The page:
Trail mix tape

Several years ago I posted about the distance 10,000 miles, which occurs in several songs. I suggested that it’s the archetypal long distance because it is the furthest away (in nautical miles) one can travel on Earth. (Presumably it came into use after long-distance sailing became common.) I mentioned that A space oddity has the distance 100,000 miles, which is less than half-way to the moon.

This morning a colleague mentioned that today is Trail Mix Day. I said in a group email that I was going to make a selection of songs and call it a trail mix tape (not an original joke), and suggested These boots are made for walking, Over hill, over dale, Climb every mountain, I’m gonna be (500 miles), 500 miles away from home and 10,000 miles. I pondered what longer distances are mentioned in songs. After I sent that email, I also thought about Fly me to the moon and The final countdown (“We’re heading for Venus”). Then a colleague replied with 2000 light years from home, which I topped with Across the universe, Stairway to heaven and Highway to hell (though those don’t mention actual distances). 

Apropos the last two, there are several cartoons with two men wearing a Led Zeppelin and AC/DC t-shirt respectively. One version has the Led Zep fan saying “We split ways here”.

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5 thoughts on “Trail mix tape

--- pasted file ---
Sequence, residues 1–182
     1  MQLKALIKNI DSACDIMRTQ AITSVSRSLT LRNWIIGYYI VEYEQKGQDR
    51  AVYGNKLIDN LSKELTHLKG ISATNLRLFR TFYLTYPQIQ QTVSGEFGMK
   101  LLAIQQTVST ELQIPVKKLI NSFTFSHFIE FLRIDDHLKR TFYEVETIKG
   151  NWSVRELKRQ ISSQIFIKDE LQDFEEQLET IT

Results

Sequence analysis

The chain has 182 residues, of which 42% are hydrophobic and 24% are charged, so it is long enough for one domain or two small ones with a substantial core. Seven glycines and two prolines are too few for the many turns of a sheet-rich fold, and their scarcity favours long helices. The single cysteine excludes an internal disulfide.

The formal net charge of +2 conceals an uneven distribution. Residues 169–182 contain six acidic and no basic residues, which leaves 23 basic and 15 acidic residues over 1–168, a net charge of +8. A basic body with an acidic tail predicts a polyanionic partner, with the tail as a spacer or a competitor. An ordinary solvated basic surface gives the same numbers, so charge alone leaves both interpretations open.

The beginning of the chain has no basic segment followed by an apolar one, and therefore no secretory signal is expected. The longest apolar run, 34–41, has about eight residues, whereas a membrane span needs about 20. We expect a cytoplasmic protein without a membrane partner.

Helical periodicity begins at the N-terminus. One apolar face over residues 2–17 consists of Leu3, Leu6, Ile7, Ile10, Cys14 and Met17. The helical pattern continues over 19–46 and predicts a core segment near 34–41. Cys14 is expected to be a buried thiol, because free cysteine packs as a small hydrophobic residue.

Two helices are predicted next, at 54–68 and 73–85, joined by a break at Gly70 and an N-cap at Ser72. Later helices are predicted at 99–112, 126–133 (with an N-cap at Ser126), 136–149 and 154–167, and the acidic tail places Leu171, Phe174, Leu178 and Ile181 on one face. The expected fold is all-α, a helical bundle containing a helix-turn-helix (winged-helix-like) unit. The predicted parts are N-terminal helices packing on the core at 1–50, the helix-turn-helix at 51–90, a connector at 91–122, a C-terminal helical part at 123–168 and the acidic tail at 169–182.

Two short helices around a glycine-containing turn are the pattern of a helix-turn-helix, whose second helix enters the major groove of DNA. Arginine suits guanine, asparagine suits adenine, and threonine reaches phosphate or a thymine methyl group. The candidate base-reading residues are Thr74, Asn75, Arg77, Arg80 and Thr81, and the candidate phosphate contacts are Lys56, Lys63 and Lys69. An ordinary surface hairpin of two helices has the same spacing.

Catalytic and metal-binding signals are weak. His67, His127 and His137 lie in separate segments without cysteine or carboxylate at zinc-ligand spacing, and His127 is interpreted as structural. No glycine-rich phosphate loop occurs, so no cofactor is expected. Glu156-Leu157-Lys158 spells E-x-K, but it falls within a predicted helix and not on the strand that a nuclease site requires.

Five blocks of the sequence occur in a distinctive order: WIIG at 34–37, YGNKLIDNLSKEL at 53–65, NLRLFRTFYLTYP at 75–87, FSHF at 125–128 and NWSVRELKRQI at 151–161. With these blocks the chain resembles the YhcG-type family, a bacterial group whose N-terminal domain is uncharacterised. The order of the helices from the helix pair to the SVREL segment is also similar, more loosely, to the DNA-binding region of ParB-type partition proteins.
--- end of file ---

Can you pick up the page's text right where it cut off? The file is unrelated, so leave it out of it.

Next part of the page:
1. Interesting present and past posts (and I also used to be on the choralnet list back in the day).

    Given that Australia and the UK are on the metric system, why so many songs about miles? Why didn’t The Who do “I Can See for Kilometers,” for example? Other than in Space Oddity (which probably uses miles because the astronaut would have been assumed by default to be an American), do miles nostalgically invoke a bygone era? Or do they afford a degree of poetic naturalism?

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    • Thanks. Some songs date from before decimalisation, but there are a number of set expressions eg missed by an inch, a miss is as good as a mile etc. Also ‘kilometres’ is hard to fit convincingly into a meter or lyric (2.54 centimetre-worm, measuring the marigolds). A million miles an hour sounds figurative, but a million kilometres an hour sound literal.
      An organ builder once showed me the preliminary brochure for a major organ he refurbished about the time Australia was switching to metric. The stop list included things like Open diapason 2.88 m, Octave 1.44 m. He persuaded them not to publish that.

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    • Thanks. I have no idea how I missed thinking about a million miles. When I read your comment, I immediately thought of the classic Mammy (I’d walk a million miles for one of your smiles). Google easily found 26 with that in the title, usually (a/one) million miles away/from love, but also Million miles per hour and 93 million miles (that is, from the earth to the sun (or vice versa)).
      I suspect most of these use the distance figuratively. The moon is 1/4 million miles away, so 1 million miles away is nowhere in particular, and nowhere near Venus (26 million).

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  2. Pingback: A new unit of hearing loss – the Jagger | Never Pure and Rarely Simple

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